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Suitable Bones For Puppy Other Than Chicken

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8 replies to this topic

#1
Michelle08

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Hi everyone,
I'm a newbie with a 12 week Gordon Setter. He is doing well overall on rpm ( since we got him at 8 weeks) but I just wanted to ask a question regarding bones. I appreciate bones are important for calcium for their own bones when they're growing but Duncan isn't that keen on chicken. Can anyone suggest any other bones he would be able to crunch down? He's had a try of rabbit (very expensive here in butchers so couldn't keep him on it) and he loves beef. He's probably ready to try a different protein now too if that helps. Thanks for any suggestions. Also, a lady in the pet shop said "he'll need a puppy food as he needs the special nutrients it supplies for his bones to grow properly especially as he's a large breed" she's wrong isn't she?

#2
TRDmom

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Welcome! Gordon Setters are pretty dogs!

 

He should be able to handle other poultry bones (e.g. duck, turkey, quail, cornish hen). Rabbit is another good size for a puppy. Lambs and kids would have more manageable bones, if you have a source for them. Some owners smash bones a bit with a mallet or purchase ground meat/bone for pups who can't manage larger bones.

 

Speaking of prices, I know non-poultry can be expensive!! I raise my own rabbits and ducks because of cost and access. I drive about three hours, one-way, to get my goats, but even with the cost of gas it is worth it. I'm disappointed at the price of goats in my area. In addition to them being expensive, many sellers do NOT want you to eat them. What??? If you don't eat them, then what do you do with them??? I am still clueless about that one... anyway.

 

As long as your pup is getting meat, some bone, and some organs, he is doing fine! :) Coat condition and energy level are two big clues as to whether the diet is meeting his nutritional needs.  Unfortunately, most "western" nations have been influenced by commercial kibble pet food companies as to what is appropriate. Pet stores do a lot of business selling pet food, so they're always going to attempt at making a sell. Nutritionists (and those who have studied it for personal interest) speculate that many "large breed" dog foods are not nutritionally appropriate for large breeds (incorrect mineral and vitamin levels). "Mother nature" has been getting it right since before pet food was ever invented.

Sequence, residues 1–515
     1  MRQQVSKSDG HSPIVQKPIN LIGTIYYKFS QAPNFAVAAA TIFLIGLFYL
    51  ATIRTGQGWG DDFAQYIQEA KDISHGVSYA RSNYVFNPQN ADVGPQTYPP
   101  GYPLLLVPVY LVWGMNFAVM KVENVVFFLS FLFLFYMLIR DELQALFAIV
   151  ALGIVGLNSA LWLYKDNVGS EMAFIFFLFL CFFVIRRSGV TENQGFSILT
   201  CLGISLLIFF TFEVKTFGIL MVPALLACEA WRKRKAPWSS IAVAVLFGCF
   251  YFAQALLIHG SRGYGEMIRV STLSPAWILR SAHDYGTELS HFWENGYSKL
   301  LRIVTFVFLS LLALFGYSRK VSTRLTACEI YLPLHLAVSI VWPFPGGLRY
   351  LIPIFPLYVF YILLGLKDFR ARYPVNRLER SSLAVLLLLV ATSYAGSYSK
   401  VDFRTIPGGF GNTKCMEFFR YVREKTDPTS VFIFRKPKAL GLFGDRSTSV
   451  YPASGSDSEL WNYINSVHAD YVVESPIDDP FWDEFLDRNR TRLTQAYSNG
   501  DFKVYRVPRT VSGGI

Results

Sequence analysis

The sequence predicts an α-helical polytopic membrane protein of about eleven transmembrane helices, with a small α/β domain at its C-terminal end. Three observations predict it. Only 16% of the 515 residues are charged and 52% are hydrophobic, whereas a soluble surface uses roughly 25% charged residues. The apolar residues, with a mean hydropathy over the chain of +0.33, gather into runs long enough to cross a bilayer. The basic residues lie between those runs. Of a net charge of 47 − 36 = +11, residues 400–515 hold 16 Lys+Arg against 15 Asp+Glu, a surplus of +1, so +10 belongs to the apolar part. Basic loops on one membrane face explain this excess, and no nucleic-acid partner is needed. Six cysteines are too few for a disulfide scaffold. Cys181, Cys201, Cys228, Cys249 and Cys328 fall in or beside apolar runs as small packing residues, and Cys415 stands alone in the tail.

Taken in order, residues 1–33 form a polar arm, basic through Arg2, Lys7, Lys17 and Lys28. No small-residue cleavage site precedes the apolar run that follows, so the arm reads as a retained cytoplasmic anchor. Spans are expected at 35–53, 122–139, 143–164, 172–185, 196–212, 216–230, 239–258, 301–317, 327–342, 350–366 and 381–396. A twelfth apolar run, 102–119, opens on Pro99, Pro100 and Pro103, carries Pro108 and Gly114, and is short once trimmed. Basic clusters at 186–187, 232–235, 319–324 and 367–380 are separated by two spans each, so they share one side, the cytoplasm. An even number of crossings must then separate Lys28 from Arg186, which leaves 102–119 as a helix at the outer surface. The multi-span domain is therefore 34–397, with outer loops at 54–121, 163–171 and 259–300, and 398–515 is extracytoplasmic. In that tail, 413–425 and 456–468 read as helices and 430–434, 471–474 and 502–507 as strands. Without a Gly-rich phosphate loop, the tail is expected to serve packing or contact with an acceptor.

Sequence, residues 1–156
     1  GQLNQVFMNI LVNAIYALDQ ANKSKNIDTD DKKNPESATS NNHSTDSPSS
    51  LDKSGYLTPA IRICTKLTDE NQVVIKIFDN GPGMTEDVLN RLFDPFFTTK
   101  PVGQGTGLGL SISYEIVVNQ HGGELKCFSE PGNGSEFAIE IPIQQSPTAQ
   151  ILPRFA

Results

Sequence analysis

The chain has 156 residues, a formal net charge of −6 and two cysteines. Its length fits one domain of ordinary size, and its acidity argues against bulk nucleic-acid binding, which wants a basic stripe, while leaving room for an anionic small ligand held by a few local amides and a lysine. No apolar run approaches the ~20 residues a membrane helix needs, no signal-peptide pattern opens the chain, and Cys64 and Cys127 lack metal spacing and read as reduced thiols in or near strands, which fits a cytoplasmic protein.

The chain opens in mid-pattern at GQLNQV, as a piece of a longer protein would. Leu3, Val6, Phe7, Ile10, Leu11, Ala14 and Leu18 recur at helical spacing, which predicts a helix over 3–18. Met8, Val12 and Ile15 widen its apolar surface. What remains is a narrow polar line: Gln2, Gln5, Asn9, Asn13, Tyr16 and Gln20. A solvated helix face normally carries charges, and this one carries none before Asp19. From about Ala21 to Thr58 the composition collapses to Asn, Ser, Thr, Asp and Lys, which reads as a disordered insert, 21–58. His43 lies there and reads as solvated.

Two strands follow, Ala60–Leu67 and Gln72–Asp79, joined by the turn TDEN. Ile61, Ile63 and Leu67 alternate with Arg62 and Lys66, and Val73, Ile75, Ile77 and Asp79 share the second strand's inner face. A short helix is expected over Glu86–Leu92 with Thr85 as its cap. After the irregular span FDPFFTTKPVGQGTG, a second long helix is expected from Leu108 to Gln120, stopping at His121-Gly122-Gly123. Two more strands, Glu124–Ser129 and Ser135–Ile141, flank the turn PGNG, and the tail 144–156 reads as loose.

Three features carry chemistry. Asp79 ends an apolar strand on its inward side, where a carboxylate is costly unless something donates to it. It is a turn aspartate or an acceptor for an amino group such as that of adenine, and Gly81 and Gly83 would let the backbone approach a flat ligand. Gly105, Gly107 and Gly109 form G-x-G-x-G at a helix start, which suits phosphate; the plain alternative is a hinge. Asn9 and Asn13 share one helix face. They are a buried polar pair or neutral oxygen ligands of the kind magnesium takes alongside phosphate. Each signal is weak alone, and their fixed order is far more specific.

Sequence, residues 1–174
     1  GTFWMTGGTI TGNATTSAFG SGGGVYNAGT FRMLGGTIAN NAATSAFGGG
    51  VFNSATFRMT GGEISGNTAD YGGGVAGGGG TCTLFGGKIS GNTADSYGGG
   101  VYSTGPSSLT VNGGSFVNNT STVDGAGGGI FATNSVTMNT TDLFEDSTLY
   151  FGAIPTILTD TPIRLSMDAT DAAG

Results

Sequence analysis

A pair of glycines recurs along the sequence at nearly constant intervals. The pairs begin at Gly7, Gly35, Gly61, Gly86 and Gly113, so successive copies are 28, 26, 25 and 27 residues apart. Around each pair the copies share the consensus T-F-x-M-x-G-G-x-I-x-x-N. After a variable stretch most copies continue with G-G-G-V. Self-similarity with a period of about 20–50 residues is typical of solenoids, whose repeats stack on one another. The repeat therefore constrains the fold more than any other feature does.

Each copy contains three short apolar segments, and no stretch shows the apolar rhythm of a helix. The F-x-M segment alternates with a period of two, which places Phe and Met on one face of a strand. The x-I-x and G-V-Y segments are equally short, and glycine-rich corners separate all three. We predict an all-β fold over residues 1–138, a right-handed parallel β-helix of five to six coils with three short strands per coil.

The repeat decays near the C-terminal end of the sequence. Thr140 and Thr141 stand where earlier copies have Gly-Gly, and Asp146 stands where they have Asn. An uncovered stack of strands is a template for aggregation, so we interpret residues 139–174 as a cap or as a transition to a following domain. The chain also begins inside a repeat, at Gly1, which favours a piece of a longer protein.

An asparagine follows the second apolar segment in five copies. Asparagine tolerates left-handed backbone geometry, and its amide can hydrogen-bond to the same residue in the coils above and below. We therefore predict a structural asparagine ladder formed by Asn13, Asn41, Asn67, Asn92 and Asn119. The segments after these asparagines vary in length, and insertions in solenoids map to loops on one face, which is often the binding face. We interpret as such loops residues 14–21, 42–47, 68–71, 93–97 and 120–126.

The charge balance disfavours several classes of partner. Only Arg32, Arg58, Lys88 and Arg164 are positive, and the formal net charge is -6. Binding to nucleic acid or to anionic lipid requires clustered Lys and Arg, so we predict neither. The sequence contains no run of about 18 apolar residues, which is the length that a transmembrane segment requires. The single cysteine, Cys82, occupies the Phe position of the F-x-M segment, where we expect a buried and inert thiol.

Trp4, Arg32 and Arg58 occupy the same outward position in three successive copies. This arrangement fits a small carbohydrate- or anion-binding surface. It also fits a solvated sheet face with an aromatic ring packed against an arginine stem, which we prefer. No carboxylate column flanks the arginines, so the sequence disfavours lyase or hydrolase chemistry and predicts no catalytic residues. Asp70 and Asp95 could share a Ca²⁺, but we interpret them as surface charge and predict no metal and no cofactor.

Good luck with everything! :)



#3
Michelle08

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Hi TRDmom,
Thanks for all the advice. I'll try goat and lamb then as we can get them quite reasonably priced locally. I'll also get myself a mallet!
Cheers
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#4
TRDmom

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Hi TRDmom,
Thanks for all the advice. I'll try goat and lamb then as we can get them quite reasonably priced locally. I'll also get myself a mallet!
Cheers

 

Sounds good! :)



#5
naturalfeddogs

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You could try pork ribs as well. You don't have to get a whole rack, but you can get more like individual meaty "riblet" types.

#6
Michelle08

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Thanks everyone. I've got some good ideas for moving forward with rpm and I'm sure there'll be very few issues when he gets his big teeth! I've got some lamb ribs for the intro to another new protein and after lamb I'll do pork. So, all the advice has been very helpful. Cheers

#7
martye

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As I think I read in another post that you're in NZ I'd suggest :Lamb Ribs.

Not much meat but good bone. We used to get them in South Africa but can't find them

here is Texas!



#8
Michelle08

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Yes, I'm a kiwi. I've given him lamb ribs now. He loves lamb but still can't chomp through much of the bone but I'm sure he'll be fine when his big teeth come through. Thanks for the suggestion. I've tried smashing shanks with a mallet but I think you need to be Hulk Hogan to make any impact I need to find a steam roller! Anyhow, we are doing well overall and he eats a few different proteins now without problems Yay! Cheers

#9
Iorveth

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In addition to them being expensive, many sellers do NOT want you to eat them. What??? If you don't eat them, then what do you do with them??? I am still clueless about that one... anyway.

 

I do have to chime in here. I adore goats. I plan on raising goats for meat and dairy, but the meat goats will be kept away from the house and only socialized enough to make them easy enough to handle for medical treatment when necessary. 

The pets, though... Oh, goats make awesome pets and I can honestly understand those who do not sell them for meat. When you've had a friendly goat raised from a kid, you'll understand what I mean. What I can't stand is the little $&*%@ who are allowed to headbutt everyone and use their horns on people. I'm never opposed to those goats going into the freezer!

Obviously, I'm not on either side as far as whether they are food or pets. Just thought I'd give some insight as to why some people don't want their goats sold as meat.






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